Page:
The Economics of Sex: Is It As Simple As Supply and Demand?

When you think about the economic concept of “supply and demand,” the first thing that comes to your mind probably isn’t your personal life. You might think about the way gas prices fluctuate, or how rarity of an item (like diamonds) increases its value. But with the video "The Economics of Sex", a think tank called the Austin Institute for the Study of Family and Culture is applying the things you learned in high school econ to one of the most personal activities in your life.

The video attempts to use economic concepts to explain the “transaction” of sex between heterosexual men and women, and if you watch the entire (10-minute-long) thing, you’ll have to wade through a lot of really grand assumptions, which is how I generally feel about most economic analysis. Unlike crude oil prices, sexual relationships can’t be neatly calculated in a spreadsheet, and that makes trying to quantify anything like the “price of sex” damn near impossible.

In the first frame, the Austin Institute tells you that marriage rates are lower than they’ve ever been, but that the online dating industry continues to flourish. Using the framework of marriage to supposedly analyze sex is disingenuous, and skews the survey away from the reality of modern sex between men and women. Sex and marriage have been separated for decades, even if it hasn’t always been presented that way. Sure, in the 1950s, the June Cleaver ideal family was what the media was selling, but that didn’t match the reality of the way people were having sex, even when things were supposed to be more “wholesome” and “pure.”

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In the video, the narrator even tells you “Don’t believe people when they tell you that your great-grandparents were as sexually casual as your friends are,” but that’s not really the truth either. According to a 2006 study by the Guttmacher Institute, “the likelihood that Americans will have sex before marriage has remained virtually unchanged since the 1950s.” Even 9 of 10 women born in the 1940s reported having premarital sex.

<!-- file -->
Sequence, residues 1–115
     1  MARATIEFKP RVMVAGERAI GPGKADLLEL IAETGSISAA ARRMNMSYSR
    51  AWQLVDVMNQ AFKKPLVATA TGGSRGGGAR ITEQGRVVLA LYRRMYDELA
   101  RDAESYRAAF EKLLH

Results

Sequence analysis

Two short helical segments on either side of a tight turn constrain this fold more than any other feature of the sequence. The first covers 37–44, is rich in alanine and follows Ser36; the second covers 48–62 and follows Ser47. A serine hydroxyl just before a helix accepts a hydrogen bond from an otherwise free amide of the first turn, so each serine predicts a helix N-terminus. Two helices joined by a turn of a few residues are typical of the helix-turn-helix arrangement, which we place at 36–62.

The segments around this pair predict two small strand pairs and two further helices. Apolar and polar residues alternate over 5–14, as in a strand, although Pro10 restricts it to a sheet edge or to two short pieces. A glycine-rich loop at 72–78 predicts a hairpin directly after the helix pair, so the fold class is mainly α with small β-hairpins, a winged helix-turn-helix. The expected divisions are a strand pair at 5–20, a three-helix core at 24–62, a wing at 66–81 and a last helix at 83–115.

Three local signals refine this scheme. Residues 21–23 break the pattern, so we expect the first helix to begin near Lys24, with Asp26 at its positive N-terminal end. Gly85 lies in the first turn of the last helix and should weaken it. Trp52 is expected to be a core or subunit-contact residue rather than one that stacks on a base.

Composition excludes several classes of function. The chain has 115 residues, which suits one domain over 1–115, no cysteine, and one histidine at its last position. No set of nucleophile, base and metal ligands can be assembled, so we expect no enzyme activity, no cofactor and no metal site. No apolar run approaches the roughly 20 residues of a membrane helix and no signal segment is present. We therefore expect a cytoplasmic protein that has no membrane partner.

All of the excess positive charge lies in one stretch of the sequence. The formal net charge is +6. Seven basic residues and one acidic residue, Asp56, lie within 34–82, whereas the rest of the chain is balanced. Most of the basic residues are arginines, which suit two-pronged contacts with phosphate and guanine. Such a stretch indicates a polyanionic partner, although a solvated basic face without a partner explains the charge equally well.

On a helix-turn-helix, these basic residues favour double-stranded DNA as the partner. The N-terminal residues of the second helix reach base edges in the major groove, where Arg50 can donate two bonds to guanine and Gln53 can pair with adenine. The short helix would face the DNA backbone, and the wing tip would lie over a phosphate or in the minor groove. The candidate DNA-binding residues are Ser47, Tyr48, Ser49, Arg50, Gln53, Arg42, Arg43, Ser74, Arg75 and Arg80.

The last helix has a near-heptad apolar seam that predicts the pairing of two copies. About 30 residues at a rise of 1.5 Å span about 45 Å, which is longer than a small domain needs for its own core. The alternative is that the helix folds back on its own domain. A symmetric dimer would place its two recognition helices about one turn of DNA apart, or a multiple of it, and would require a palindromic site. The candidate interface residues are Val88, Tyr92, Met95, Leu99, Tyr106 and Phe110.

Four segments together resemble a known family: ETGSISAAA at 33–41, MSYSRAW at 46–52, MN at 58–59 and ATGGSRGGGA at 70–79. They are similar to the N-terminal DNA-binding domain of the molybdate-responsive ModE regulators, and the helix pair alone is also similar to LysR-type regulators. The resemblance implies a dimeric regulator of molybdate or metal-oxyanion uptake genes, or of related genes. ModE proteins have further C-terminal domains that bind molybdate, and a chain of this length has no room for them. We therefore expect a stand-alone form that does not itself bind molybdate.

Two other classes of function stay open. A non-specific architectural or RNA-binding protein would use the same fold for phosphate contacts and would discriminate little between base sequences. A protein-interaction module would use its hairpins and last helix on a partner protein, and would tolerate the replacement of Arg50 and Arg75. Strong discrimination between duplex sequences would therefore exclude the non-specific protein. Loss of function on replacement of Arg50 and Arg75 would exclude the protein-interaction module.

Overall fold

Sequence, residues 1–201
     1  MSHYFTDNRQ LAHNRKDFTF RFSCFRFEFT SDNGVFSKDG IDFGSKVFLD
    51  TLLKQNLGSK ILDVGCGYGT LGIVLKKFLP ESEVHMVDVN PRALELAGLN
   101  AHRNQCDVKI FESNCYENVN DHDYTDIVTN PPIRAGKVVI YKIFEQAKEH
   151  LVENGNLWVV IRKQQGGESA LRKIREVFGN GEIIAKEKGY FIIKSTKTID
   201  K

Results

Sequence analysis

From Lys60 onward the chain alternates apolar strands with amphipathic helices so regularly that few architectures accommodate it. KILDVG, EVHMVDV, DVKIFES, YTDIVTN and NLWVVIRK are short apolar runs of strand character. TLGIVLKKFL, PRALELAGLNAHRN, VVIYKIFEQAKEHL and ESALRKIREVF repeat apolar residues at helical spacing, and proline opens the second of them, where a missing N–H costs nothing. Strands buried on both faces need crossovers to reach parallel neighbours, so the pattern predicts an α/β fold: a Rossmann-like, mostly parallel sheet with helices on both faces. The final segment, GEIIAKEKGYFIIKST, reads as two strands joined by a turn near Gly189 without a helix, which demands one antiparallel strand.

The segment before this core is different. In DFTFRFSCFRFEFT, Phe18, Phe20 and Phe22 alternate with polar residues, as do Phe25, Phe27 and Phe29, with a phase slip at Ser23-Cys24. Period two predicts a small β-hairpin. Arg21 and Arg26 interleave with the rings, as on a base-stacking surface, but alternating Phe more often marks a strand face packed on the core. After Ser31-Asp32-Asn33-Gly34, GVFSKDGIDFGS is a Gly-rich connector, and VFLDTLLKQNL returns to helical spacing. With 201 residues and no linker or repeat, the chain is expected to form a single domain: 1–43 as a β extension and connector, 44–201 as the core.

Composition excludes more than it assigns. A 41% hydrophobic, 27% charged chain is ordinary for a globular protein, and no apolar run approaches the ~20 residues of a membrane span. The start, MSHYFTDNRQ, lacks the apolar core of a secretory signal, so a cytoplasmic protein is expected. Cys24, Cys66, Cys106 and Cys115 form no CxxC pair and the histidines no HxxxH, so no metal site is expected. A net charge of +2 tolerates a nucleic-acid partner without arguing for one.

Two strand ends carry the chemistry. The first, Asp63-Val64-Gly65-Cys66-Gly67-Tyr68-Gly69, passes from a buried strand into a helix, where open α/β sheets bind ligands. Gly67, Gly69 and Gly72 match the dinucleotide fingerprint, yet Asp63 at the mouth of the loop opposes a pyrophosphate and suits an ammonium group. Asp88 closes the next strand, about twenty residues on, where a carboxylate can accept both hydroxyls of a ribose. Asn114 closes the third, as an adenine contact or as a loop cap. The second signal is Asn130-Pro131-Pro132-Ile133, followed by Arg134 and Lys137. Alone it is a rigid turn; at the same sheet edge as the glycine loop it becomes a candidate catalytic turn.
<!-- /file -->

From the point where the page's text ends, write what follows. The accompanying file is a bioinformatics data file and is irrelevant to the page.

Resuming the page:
There’s also a wide swath of assumptions that the Austin Institute makes about men and women, which they’ll tell you are based on data. According to the video, men have higher sex drives than women, and as such, sex is like a resource that women control. While it may be true that men initiate sex more often, a number of social factors influence whether or not women have high sex drives, like gender equality and the impossible-to-ignore fact that women’s sexuality is continually suppressed and attacked. This simplistic view of the “economics of sex” doesn’t consider any of these. 

Further, the video suggests that women only grant men the privilege of sleeping with them when we want to express love, validate our attractiveness (WHAT?), and, of course, entrance a man into marriage. What about when we are horny though? The video also suggests that men only romance and marry women because they want to get laid, as though sex is a commodity to be purchased with dates, dinners, and fancy engagement rings.

These are all sexist tropes that sex-positive feminists have been working to smash for years — women do have sex outside of serious relationships and, shockingly, they enjoy it. Men, surprisingly enough, can also be emotionally attached to women and enjoy having sex with them because they’re in love, not just because of their boners.

Toward the end of the video, we hear that “women have something that men want, and they’ll pay a lot to get it. One can assume that the Austin Institute means “pussy,” and not “a good caring heart” or “really freaking smart brain.” These types of “educational videos,” in my view, do nothing but reinforce heteronormative courtship standards that aren’t even a reality anymore, by the Austin Institute's own admission.

So no, sex isn’t simple economics. It’s complicated by everything from hormonal shifts to good (or bad) luck. Sex isn’t a rational act like putting gas in your car’s almost empty tank. In fact, it’s often quite the opposite.

Image: Stokpic/Pexels



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